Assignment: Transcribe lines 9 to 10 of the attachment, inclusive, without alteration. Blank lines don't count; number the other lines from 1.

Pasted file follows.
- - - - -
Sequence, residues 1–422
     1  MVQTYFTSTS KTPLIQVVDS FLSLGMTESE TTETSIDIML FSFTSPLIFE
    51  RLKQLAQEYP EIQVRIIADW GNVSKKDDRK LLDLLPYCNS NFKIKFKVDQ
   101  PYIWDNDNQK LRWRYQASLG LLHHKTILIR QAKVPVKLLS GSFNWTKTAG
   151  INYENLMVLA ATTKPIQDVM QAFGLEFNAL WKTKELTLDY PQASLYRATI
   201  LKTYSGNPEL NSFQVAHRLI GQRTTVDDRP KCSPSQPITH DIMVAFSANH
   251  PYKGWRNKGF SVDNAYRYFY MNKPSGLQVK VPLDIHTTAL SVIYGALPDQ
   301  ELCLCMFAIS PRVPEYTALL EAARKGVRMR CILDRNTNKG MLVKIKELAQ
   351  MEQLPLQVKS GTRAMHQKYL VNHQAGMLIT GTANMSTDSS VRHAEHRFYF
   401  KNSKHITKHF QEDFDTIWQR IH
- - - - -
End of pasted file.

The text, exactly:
   351  MEQLPLQVKS GTRAMHQKYL VNHQAGMLIT GTANMSTDSS VRHAEHRFYF
   401  KNSKHITKHF QEDFDTIWQR IH